Patty Graner

Share your vision

A partial explanation for our Network of professional developers about why micro-credentials.

  • May 9, 2017 at 12:21 PM
  • Visible to public
 SIM Micro-credential Background Educators engage in continuous learning from the beginning of their careers through each year thereafter. Formalized, continuing education and district sanctioned in-service via formal professional learning are recognized within systems; however the application of that learning, the job-embedded learning in which they engage, and the competencies that they gain may not be recognized during their employment or into their next job. One way to recognize learning and implementation of new knowledge and expertise is through micro-credentialing.  A micro-credential can function as a signal within and outside of the system of the educational investment made by an educator.  An incremental, cohesive approach makes some credentials obtainable after a single activity, while others are “prerequisites” that constitute a more advanced credential. Each represents an element of a comprehensive concept of “mastery,” (Diamond & Gonzalez, 2014).   The Strategic Instruction Model (SIM) Challenge Each year, hundreds of professionals learn and implement SIM Learning Strategies and/or Content Enhancement Routines nationally and internationally. These teachers have reported using the tools successfully with students and expressed a desire to share the tools with others in their school or system. Unfortunately, the current SIM certification structure does not recognize the learning in which they engage. Currently, only ‘certified’ SIM professional developers are able to purchase the materials and instruct others in the use these complex tools.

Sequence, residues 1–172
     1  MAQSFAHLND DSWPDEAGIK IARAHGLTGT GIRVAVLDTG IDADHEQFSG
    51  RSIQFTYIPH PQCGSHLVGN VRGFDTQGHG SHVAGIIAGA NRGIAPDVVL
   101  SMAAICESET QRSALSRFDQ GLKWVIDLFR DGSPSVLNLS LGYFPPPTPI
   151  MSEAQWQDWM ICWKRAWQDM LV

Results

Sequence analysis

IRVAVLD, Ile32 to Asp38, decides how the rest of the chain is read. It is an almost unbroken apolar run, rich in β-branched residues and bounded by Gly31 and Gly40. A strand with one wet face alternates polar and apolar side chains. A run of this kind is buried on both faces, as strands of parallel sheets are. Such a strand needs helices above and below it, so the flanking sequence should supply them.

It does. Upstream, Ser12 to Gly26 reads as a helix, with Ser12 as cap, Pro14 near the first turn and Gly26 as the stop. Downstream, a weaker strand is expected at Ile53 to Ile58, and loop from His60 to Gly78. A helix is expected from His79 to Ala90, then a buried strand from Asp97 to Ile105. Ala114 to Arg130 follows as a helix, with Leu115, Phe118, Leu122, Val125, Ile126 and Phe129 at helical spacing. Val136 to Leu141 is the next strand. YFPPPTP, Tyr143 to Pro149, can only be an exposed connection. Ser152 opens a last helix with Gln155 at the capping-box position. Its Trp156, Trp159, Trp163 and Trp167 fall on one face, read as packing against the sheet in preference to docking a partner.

One solution
The KUCRL has developed a micro-credentialing system through that can address the SIM certification issue. These micro-credentials are not just pictures of badges. Clicking on the micro-credential reveals detailed evidence and artifacts illustrating what the holder of the credential can do. The micro-credential can be made public via Linked In, Twitter, Facebook or on a Mozilla Backpack. A school or teacher can feature them on their websites; the credential URL can be shared on vitae and resumes. The system recognizes individuals’ effort(s), promotes the continuation and spread within a school or system that has made an investment in SIM professional development, and most importantly, ensures that students continue to have access to the SIM evidence-based interventions and tools that can make a difference in their school and life success. Professionals can earn a micro-credential in any of the SIM tools. A learner’s participation, gathered evidence, artifacts, and coaching from a SIM professional developer can lead to expert implementation and a micro-credential. Badges have been developed as a means of officially recognizing the micro-credential at various levels. The badge icon will serve as external proof of knowledge and skills gained by the educator.